"Protective factors" affect student success
October 15, 2012
The following news release is shared on behalf of the United Way of Anchorage. The complete report is available at: www.aydc.org.
Date: October 12, 2012
Contact: Sarah Sledge, United Way, 263.3803, firstname.lastname@example.org
Contact: Gabriel Garcia, UAA, 786.6532, email@example.com
Contact: Christine Gire, United Way, 263.3829, firstname.lastname@example.org
Anchorage students perform better in school with key experiences
Anchorage, AK – A recent study shows that in order for Anchorage high school students to succeed in school and in life, they also need to be exposed to multiple "protective factors" in their lives. Simply put, what happens outside of school strongly influences what happens in school.
Protective factors are key to the positive development of our youth, helping them manage emotions, care about others, make good decisions, behave ethically and responsibly, develop healthy relationships, self esteem and avoid bad behaviors. The more protective factors our youth are exposed to, the greater chance they have for success in life.
The first of its kind, the study focuses solely on Anchorage high school students and examines the effect of how protective factors can influence their behavior and provides an important framework to guide our community's children.
The study shows that the top four protective factors which have the greatest impact on our youth come from parents, the community, extra-curricular activities and teachers. Specifically defined as:
- Having parents that talk to them about school every day
- Volunteering or helping three or more hours per week in school or the community
- Being involved in organized after school activities two or more days per week
- Having caring and encouraging teachers
One important finding of the study proves that as the number of reported protective factors increase in a student's life, the rates of current alcohol use, binge drinking, marijuana use, and school absenteeism decrease. In addition, the rates of getting A's and B's in school also increase.
According to Sarah Sledge, Director of Community Action for UWA, "The report makes clear that if we want our youth to succeed in and out of school, we need to support and encourage parents to keep talking to their children about school every day and all through high school. We need to provide and support plenty of opportunities – as organizations, individuals, neighborhoods, and businesses - where our youth can volunteer and engage meaningfully in their schools and the community. We must ensure that our children have multiple options for out-of-school activities and the ability to access them. And, we must continue to support our teachers to provide nurturing and encouraging environments for their students."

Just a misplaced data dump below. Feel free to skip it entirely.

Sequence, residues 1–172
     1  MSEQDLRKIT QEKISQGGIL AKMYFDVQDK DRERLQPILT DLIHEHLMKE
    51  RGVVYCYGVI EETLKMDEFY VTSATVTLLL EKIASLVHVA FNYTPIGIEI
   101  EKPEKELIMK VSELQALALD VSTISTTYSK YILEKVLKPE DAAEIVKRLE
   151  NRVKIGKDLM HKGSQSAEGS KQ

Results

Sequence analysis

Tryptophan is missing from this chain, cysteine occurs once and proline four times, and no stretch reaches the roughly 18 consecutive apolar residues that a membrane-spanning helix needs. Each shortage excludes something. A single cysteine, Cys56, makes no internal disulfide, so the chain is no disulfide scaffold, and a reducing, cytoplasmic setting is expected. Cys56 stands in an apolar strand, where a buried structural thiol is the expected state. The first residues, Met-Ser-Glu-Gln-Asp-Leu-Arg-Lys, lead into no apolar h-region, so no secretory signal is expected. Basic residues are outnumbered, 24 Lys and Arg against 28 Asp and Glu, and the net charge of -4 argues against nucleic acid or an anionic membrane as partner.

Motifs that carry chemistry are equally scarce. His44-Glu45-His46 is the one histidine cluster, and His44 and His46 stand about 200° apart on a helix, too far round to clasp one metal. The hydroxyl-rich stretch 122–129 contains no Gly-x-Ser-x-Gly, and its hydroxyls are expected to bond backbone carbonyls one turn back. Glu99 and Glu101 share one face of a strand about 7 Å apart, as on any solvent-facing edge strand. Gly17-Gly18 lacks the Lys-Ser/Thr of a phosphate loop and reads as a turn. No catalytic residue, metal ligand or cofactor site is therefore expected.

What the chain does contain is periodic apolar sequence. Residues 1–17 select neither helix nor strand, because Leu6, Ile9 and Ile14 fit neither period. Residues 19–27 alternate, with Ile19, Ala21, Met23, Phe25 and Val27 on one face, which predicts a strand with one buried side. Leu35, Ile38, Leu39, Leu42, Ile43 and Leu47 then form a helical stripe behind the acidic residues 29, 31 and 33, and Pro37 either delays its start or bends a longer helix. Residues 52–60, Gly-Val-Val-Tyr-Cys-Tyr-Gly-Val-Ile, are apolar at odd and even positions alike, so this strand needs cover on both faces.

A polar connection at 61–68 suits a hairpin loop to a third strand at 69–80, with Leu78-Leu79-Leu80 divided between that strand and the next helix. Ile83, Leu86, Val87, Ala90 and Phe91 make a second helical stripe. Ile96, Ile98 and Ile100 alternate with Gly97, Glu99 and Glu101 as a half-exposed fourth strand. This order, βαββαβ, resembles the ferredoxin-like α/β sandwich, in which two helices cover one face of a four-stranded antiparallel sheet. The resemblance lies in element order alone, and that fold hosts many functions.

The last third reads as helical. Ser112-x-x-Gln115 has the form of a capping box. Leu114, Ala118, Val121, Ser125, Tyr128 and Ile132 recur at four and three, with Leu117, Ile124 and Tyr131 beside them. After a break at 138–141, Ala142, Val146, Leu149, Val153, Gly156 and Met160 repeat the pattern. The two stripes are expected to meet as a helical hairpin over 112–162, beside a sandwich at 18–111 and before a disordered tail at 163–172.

The newly released report was conducted by Dr. Gabriel Garcia of University of Alaska Anchorage's Department of Health Sciences. It was commissioned by the Anchorage United for Youth coalition and United Way of Anchorage to examine whether and how protective factors can influence the behaviors of our youth.
"This report gives us some insight into our children's perceptions and how they are doing socially," said Jim Browder, Anchorage School District Superintendent. "It reinforces that children need to be told that they matter. They also need to be told that risky and dangerous behaviors are not acceptable."
Another Anchorage study, the Anchorage United for Youth 2011 Youth Risk Behavior Survey trends Report, published in May 2012, also supports the correlation between protective factors and youth success, but unfortunately shows a disappointing decline in adult involvement. Few Anchorage students reported that their parents talk with them on a daily basis about school; and even fewer students reported having access to adults they feel comfortable seeking help from.
Additional notable statistics from the Youth Risk Behavior Survey report that more than half of the high school seniors surveyed in Anchorage missed school without permission within a 30 day period and one-third of students in all high school grades reported missing school without permission.
"One risky behavior is cutting school," said Superintendent Browder. About one-third of students report they've skipped class. This isn't acceptable to me nor should it be to parents or members of this community. It's difficult to educate children who do not attend school. Adults need to share with students the importance of attending school every day. We must help them understand that every class, every day is a priority. If kids are in school, they will receive a great education."
"This valuable data should inform our actions," said UWA Vice President for Community Action June Sobocinski. "Youth are telling adults what we should do to help them: be intentional and conscious about being supportive to them and provide meaningful opportunities for them. When we do, we will see better attendance and school performance, and an increase in our graduation rate."
The complete Protective Factors Cross Tab Analysis Report and the Anchorage Youth Risk Behavior Survey Trends Report are located at: www.aydc.org.
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